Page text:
It was all a dream ...
Dream Stick arcade stick controller
Made by: Dream Arcades
Available: NOW - for a limited time
For use with: Microsoft Xbox 360, PC (with Xbox 360 wireless adapter)
I don't really get hyped over controller. The themed "MW3" controllers look slick. The "Halo: Reach" controllers rock. However, being a child of the 80s, I was never that excited about finding a controller and saying 'I.Must.Have.This.' That changed with Dream Arcades' Dream Stick arcade controller.
Here's the skinny: Dream Arcades is a company that makes REAL arcade games. They sell prebuilt arcades, they sell arcade kits and now, they make arcade controllers for the Xbox 360.
The first thing you'll notice when you spy the Dream Stick is how sturdy the controller is. From the joystick - which is a professional joystick - to the sturdy plastic buttons - the controller is nothing to play with. It is handmade - complete with a few flaws here and there - but the cheesiness doesn't matter when you pick it up. It runs off 2 AA batteries - the innards are that of a wireless Xbox 360 controller - stitched together with actual arcade controller data cables to make it a pro-style controller. There's isn't a PS3 version of the controller - it doesn't use expendable batteries, though you drill a small hole for the USB charging port. Hmmmmm.
The only real drawback is a set of buttons is missing. On the 360 controller, you have the triggers, left and right, and the shoulder buttons. Not so on the Dream Stick. You will have to go into the menus of video games you are playing and reconfigure the control scheme. That's fine on older games, but if you want to use it on newer games, you may have to choose if you want the triggers or the shoulder buttons enabled.
The controller syncs easily with the 360. There's a black button on the front of the controller that you use to get it talking to your 360.
As far as controls, it's rock solid. Mind you, it's really just a huge housing for a 360 controller, so you know what you are getting.
I used the Dream Stick on the Xbox LIVE menu and a handful of Xbox LIVE games, including AfterBurner: Climax, Mortal Kombat 2, OutRun online, Aegis Wing, Yie Ar Kung Fu and a few others. The only game I had a problem with was Daytona USA because I couldn't change the button layout for acceleration. Meh.
Aside from that minor issue, the controller is awesome. Seriously.
If you want one, you better snag on now because Dream Arcades are NOT making them. You can customize it - change the button colors and trick it out with a headphone jack as well.
If you love arcade games, buy it. If you love fighting games and want a controller that won't wimp out? Buy it.
The verdict? 9.5 (out of 10 stars) The lack of an extra set of buttons is really a drag, but for the rest of what you get - in a slick package, you can't go wrong.
Capture your gaming exploits
Hauppauge HD PVR
Made by: Hauppauge
What does it do? Capture video gameplay via your PC in HD
So you just took the head off of a camper during an online match in Battlefield 3. Or, you used your hook to attach a runaway fuel canister to an enemy in Just Cause 3. If you were playing OnLive, you can easily capture a few seconds of your own sessions - but on your PS3 or Xbox 360 - or Wii ... what do you do? Easy. You can invest in a tripod, get a Flip camera or a Sony Bloggie camera and record your footage. It's not bad but it looks rather cheesy. What is an awesome gamer, like yourself, owning n00bs to do?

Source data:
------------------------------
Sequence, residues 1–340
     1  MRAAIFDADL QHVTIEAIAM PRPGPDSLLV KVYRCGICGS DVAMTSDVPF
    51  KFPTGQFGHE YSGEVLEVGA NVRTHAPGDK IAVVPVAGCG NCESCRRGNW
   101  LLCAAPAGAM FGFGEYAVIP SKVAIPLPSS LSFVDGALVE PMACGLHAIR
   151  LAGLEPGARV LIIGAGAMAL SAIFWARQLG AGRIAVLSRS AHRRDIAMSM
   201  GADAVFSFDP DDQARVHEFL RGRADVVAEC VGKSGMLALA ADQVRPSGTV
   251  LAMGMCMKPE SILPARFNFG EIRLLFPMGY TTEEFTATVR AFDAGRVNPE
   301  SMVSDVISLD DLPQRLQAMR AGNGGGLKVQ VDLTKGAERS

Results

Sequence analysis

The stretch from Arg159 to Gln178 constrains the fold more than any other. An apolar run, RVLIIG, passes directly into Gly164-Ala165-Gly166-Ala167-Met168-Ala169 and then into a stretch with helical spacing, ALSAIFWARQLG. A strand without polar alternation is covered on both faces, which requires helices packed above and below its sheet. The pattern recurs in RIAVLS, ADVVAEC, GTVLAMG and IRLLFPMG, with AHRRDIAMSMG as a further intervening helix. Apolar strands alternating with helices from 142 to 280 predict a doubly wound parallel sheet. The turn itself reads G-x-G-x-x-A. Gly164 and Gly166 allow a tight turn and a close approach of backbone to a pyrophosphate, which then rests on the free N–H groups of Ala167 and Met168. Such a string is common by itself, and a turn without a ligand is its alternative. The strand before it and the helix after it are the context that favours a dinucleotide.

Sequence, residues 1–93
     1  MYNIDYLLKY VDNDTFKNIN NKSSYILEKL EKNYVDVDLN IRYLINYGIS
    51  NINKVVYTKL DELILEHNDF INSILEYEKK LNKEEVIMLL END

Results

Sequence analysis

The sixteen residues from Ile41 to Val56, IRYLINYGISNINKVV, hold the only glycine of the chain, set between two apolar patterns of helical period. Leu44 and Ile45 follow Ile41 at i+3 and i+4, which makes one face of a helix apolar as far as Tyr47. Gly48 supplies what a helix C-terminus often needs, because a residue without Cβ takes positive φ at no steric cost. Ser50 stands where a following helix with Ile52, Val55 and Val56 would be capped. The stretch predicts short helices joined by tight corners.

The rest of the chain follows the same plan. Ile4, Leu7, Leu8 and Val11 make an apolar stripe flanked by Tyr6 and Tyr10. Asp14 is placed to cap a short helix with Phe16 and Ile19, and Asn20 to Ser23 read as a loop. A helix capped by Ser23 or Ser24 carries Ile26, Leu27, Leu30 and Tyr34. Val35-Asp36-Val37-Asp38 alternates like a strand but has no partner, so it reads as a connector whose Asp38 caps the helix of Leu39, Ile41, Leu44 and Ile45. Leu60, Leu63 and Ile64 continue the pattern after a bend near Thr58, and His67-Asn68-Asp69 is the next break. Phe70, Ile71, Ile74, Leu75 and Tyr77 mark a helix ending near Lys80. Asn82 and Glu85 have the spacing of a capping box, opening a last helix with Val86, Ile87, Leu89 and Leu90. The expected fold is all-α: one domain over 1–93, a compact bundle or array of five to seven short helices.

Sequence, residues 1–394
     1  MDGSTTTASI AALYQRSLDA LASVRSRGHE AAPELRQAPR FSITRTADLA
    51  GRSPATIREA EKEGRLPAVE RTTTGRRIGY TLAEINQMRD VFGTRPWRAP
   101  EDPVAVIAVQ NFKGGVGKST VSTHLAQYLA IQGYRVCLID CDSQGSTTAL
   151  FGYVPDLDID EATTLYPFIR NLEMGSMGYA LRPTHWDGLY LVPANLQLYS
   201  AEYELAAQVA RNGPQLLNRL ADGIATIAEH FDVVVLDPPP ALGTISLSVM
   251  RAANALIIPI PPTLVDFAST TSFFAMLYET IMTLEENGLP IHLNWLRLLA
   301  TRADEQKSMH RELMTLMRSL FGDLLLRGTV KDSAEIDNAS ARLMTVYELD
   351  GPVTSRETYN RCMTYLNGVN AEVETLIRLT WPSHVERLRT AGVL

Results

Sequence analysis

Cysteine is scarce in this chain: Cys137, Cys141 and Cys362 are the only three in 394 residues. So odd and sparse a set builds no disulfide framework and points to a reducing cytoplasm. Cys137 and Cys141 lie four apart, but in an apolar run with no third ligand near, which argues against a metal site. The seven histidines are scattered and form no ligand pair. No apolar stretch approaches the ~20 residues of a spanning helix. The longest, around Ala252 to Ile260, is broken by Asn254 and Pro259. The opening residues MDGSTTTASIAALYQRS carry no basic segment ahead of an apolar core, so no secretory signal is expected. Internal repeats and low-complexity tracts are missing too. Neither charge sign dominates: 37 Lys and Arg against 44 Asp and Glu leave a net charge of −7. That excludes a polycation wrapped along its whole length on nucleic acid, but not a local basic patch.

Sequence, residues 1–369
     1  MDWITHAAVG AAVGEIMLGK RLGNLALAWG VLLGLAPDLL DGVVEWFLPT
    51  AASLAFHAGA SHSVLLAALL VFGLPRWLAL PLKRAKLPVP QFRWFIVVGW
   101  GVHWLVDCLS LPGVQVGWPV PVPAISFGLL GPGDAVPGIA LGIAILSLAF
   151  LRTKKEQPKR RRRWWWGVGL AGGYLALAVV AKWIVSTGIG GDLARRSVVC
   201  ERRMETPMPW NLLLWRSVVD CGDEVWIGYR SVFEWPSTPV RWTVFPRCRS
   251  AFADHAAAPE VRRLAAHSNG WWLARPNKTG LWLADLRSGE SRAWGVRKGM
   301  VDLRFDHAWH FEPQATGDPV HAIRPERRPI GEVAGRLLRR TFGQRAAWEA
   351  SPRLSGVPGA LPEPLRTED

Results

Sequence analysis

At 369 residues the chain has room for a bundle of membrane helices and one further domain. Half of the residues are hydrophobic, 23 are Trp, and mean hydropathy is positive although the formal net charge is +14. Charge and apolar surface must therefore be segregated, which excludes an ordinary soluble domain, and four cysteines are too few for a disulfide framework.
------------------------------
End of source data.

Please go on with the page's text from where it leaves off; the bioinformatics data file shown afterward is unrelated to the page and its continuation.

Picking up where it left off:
Enters Hauppauge, stage left. Their HD PVR device, which retails for $199, is a gaming journo's or pro gamer's dream. You can use the device to capture gameplay footage in HD - via the component inputs - from any device that has component outputs. Aside from NOT being able to capture 3D content, it can pretty much capture any video signal via your PC and convert it to a digital video.
There are two types of people who will enjoy using the Hauppauge HD PVR. The first type, the gamer, looks to talk smack about what they did online last night. This device will back up their claim.
You can run the video signal through the device - which you have to keep on even if you aren't going to capture video - and use your PC to record any and everything that's on-screen. If you are recording and you get a message that reads 'I love hotwings!' it will appear in the capture video.
You can adjust how you capture the video - from the signal source - it does NTSC, PAL and SECAM - to the audio (2 channel or 5.1) and even adjust the bit rates. If you notice your video feed is choppy, you can adjust the settings on the fly. You can also adjust the lighting, contrast and several other settings on the Arcsoft Showbiz software, that comes bundled with the device. It's basic and outputs your video into M2TS (PS3), MP4 (360) and another format.
The second type of person who would enjoy this device is the archiver. You have tons of videos on VHS - your son's first baby steps, your wedding, Rush week at your college - that you want to get converted into digital form. The Hauppauge HD PVR is your answer. It has a set of composite - red, white (audio) and yellow (video) inputs on the front of the device, and another set on the rear. You go through the same process mentioned above to capture video.
The only drawback for the unit is the price. It's $199 - and doesn't actually have a hard drive or any way to record anything by itself. Plus, you have to have a PC in order for it to work.
The verdict? BUY - 10 (out of 10 stars)